For the first 100km or so of riding, the Wave Tech chainring worked as advertised. It was smooth, quiet, and surprisingly good at shedding mud – something that most narrow-wide chainrings do struggle with. As the alloy teeth began to wear in though, I started having issues with chain retention, with the chain coming off the ring at least once every ride. Typically this was while riding high-speed chattery packhorse trails – the kind that leave your calves and shoulders numb from shuddery vibrations. But I also had the chain drop on much smoother trails too. It didn’t seem to be restricted to a particular chain type either, as I tested the Lyft cranks with SRAM and Shimano derailleurs, and with 11-speed and 12-speed chains. That said, I did get another tester to run the Lyft cranks for a week of rocky riding in the Pyrenees, and she had no issues with the chain coming off at all.
A lightweight upper guide would be an easy solution to provide some additional security, and to be fair, most competitive XC racers and enduro riders would use anyway. And in my experience, if you’re the sort of rider that keeps your tyres on the ground while riding smoother and less choppy trails, then chances are you won’t encounter the chain-drop issues I did. I must say that I have been rather spoiled SRAM’s latest X-Sync 2 chainrings featured on the Eagle 1×12 groupsets, which to this date I have never dropped a chain with. Personally, if I was going to be holding onto the Lyft cranks for longer, I’d look at fitting a SRAM X-Sync 2 chainring for the added security.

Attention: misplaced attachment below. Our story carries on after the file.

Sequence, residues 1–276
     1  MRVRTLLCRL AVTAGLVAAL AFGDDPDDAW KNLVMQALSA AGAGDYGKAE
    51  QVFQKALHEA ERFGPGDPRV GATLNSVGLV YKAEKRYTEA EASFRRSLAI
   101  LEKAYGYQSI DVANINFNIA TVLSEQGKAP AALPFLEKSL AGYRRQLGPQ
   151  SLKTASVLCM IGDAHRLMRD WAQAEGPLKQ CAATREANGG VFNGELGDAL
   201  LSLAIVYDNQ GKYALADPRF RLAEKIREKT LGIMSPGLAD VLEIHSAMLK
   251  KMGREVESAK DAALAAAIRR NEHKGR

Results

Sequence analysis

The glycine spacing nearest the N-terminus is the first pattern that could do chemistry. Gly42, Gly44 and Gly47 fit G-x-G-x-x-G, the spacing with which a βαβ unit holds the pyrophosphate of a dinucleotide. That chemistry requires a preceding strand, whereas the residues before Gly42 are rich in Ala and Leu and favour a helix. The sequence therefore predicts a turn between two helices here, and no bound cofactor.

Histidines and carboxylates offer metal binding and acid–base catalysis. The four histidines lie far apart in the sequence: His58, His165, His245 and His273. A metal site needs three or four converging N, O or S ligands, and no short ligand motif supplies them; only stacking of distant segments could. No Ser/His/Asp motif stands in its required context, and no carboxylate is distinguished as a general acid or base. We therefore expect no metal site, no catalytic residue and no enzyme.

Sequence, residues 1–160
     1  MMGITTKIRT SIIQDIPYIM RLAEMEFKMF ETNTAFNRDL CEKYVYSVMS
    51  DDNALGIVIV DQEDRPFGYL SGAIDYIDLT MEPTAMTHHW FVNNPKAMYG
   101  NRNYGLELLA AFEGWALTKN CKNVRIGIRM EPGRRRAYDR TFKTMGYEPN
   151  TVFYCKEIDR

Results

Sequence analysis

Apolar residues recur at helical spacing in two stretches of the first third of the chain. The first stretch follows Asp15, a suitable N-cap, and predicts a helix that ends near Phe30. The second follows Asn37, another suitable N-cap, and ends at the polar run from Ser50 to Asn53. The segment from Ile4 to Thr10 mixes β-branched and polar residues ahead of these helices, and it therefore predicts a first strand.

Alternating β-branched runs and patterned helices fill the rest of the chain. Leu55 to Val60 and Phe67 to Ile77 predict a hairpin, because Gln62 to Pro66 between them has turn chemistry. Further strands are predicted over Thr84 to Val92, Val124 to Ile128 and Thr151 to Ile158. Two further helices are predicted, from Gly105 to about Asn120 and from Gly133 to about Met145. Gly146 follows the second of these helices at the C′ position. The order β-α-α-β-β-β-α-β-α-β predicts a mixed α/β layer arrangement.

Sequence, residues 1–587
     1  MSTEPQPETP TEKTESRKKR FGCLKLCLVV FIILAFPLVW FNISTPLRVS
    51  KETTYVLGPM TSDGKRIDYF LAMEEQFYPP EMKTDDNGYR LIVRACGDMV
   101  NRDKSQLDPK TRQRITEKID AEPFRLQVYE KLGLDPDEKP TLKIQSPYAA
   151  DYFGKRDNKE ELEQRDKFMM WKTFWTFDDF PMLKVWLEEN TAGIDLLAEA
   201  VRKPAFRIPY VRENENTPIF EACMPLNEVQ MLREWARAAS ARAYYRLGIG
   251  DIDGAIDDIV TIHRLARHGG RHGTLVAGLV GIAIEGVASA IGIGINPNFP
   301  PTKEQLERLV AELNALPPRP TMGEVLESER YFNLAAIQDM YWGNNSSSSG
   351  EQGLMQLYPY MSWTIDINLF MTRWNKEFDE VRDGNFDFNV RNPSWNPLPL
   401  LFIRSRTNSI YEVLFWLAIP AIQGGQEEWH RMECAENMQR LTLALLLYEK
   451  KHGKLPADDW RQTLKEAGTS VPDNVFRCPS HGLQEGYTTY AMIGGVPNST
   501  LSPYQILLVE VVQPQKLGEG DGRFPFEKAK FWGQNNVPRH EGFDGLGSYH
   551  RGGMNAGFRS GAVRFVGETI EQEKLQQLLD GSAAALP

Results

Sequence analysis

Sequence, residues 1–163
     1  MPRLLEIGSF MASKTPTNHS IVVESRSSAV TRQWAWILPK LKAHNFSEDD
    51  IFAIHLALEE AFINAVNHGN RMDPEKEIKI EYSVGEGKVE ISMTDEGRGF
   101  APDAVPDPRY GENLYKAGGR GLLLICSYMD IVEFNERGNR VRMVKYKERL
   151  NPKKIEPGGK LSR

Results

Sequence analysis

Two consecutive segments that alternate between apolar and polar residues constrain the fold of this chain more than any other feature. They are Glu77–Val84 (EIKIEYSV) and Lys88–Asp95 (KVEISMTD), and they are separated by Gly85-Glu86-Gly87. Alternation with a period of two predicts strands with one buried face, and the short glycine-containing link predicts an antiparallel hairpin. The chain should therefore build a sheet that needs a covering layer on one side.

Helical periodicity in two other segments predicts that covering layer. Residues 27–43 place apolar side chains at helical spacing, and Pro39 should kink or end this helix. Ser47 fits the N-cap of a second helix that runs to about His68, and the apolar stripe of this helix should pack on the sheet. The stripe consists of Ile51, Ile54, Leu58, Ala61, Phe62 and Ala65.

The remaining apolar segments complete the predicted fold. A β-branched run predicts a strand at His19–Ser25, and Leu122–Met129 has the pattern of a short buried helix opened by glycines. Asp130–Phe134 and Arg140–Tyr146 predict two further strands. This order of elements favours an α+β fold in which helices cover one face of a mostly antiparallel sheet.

For Praxis’ first carbon fibre crank, the Lyft is an exceptionally well-made piece of kit. As I’ve come to expect with other Praxis components, the Lyft span smoothly and quietly throughout testing, and its gorgeous carbon fibre construction means it is one of the lightest on the market. Although we have no reason to doubt the strength of the Lyft cranks, it’s worth noting that there is a heavy duty (HD) version that adds about 88 grams for the particularly louty riders out there.
Unfortunately, our experience with the Lyft cranks was marred by regular chain-dropping issues, which ultimately let them down. Running 1x should be pretty foolproof these days, but in the case of the Lyft cranks you’ll want to consider adding an upper guide if chain security is a priority and you’re riding anything other than buff singletrack.
|Product:||Lyft M30 Thru|
|From:||Upgrade Bikes, upgradebikes.co.uk|
|Price:||£500 + BB (£35-£65)|
|Tested:||by Wil Barrett for 5 months|